Boston, Massachusetts (CNN) -- Auto manufacturer Toyota warned dealerships in 2002 that Camry owners were complaining about throttles surging and recommended adjustments in an electronic control unit to fix the problem, according to a document obtained by CNN.
The technical service bulletin went to every U.S. Toyota dealership in late August 2002 after some customers reported their vehicles were speeding up unexpectedly.
"Some 2002 model year Camry vehicles may exhibit a surging during light throttle input at speeds between 38-42 mph," the bulletin states. "The Engine Control Module (ECM) calibration has been revised to correct this condition."
Toyota, the world's largest automaker, has blamed acceleration surges on floor mats it says can trap accelerator pedals and recalled more than 2.3 million vehicles in January for sticky accelerator pedals. It has said that independent testing failed to find problems with its electronic throttle controls.
But Clarence Ditlow, the head of the nonprofit Center for Auto Safety, said the 2002 document doesn't talk about mechanical issues.
"If you look at this document, it says electronics," Ditlow said. "It says the fix is reprogrammed in the computer. It doesn't say anything about floor mats."
The internal Toyota document was given to CNN by a group of attorneys now seeking a nationwide class-action lawsuit against the company. Ditlow said the document -- not previously made public -- indicates Toyota knew much earlier about an electronic connection to sudden acceleration problems. He also said the bulletin was apparently ignored or hidden from the public not only by Toyota, but also by the National Highway Traffic Safety Administration.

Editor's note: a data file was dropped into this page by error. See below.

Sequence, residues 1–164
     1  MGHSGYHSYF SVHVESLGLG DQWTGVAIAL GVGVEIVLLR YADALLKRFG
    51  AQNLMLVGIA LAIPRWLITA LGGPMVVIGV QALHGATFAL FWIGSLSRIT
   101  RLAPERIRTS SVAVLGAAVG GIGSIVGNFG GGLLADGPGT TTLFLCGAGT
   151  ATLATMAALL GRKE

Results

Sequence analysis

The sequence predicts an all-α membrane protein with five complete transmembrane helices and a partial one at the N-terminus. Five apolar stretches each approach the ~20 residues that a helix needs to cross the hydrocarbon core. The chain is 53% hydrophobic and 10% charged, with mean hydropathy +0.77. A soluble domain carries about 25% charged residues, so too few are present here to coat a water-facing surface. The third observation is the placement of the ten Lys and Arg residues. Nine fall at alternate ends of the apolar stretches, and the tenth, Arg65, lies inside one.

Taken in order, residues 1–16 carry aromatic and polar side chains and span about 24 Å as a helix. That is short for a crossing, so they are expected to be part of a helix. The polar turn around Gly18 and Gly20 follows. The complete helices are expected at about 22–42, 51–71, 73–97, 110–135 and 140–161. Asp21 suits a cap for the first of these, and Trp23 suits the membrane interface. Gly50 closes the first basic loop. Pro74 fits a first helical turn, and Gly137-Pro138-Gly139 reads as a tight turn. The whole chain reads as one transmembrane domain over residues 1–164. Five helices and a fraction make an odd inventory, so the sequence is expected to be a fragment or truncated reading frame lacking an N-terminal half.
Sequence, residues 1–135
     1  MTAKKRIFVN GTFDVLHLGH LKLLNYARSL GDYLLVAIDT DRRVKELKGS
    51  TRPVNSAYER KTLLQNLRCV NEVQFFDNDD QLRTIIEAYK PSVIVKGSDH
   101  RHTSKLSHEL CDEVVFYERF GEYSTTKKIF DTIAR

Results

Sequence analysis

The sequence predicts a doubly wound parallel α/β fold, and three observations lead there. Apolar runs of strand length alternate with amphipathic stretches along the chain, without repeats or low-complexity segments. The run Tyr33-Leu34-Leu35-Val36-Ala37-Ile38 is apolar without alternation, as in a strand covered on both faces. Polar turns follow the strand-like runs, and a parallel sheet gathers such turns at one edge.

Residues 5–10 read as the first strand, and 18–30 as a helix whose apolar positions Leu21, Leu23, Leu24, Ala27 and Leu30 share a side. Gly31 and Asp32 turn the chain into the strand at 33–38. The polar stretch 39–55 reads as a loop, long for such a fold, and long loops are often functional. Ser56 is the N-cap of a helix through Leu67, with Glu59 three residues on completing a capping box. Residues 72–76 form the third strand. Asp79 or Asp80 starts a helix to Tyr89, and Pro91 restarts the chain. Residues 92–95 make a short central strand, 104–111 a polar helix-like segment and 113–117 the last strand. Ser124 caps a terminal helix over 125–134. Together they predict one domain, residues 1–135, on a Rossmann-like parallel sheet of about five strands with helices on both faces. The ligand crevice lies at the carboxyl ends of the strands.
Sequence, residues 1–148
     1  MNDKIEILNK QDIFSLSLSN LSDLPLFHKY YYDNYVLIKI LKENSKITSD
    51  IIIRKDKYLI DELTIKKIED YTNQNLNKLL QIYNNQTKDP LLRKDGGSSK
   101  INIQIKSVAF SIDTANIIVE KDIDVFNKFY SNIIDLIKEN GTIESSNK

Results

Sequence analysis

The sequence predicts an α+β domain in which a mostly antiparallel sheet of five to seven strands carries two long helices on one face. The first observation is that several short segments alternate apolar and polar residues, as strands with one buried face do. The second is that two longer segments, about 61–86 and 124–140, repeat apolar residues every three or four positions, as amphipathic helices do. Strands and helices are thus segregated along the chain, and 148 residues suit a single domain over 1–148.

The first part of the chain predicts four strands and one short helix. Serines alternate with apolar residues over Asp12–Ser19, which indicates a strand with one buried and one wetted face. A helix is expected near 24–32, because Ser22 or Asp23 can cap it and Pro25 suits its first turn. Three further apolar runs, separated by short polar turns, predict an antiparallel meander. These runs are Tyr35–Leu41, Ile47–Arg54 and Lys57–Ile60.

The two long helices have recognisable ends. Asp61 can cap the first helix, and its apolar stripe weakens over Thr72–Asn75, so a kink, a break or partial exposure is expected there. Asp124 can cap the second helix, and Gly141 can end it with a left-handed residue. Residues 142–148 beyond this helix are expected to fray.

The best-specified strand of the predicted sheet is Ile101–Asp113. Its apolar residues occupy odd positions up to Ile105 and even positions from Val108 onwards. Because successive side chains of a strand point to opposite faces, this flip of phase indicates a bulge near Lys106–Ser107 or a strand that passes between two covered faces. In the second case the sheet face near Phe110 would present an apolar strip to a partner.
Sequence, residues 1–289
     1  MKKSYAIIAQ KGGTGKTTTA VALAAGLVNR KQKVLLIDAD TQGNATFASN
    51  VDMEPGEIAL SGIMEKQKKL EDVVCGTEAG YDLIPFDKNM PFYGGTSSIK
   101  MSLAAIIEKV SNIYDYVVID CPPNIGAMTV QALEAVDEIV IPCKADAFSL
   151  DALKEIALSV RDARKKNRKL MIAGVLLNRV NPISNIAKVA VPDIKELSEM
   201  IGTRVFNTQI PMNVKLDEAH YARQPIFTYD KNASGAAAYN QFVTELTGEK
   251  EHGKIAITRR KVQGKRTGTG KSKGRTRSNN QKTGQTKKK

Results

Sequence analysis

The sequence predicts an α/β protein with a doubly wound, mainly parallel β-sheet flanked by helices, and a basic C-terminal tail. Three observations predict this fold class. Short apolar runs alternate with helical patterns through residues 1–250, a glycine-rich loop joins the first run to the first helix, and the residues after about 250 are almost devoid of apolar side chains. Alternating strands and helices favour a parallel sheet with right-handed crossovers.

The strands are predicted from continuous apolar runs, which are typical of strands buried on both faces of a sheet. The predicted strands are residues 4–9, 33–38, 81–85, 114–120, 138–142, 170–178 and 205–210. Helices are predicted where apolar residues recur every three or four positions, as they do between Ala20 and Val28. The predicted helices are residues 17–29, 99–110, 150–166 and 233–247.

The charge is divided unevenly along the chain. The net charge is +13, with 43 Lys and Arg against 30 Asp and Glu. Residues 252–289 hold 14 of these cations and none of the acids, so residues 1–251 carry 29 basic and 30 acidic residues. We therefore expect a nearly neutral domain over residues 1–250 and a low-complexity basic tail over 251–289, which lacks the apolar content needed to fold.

"The government is really hiding this information from the consumer," Ditlow told CNN. "They're in a conspiracy with the auto industry to keep these out of the public's sight."
The attorneys now suing Toyota say the repair bulletin is proof the car company knowingly lied to the public about the causes of sudden acceleration, blaming floor mats or stuck gas pedals instead.
"They can fix these problems easily," said Tim Howard, a Northeastern University law professor who heads the legal group suing Toyota. "But it would cost them about $500 a car nationwide. If you have six [million] to seven million cars, you add the numbers -- it's between $4 [billion] and $5 billion. It's hard to actually tell the truth when those numbers are at the bottom of that truth."
NHTSA did not respond to requests for comment. And Toyota did not respond to questions about the bulletin, but it issued a statement to CNN attacking Howard and his fellow lawyers.
"Toyota strongly disputes these completely baseless allegations being driven by plaintiff's attorneys like Mr. Howard," the statement said. "Toyota intends to fight against these unfounded claims vigorously."
Howard and his legal team say they plan to appear in federal court in San Diego, California, later this week, trying to persuade a federal judge to combine the 88 individual lawsuits so far filed against Toyota into a single class-action litigation.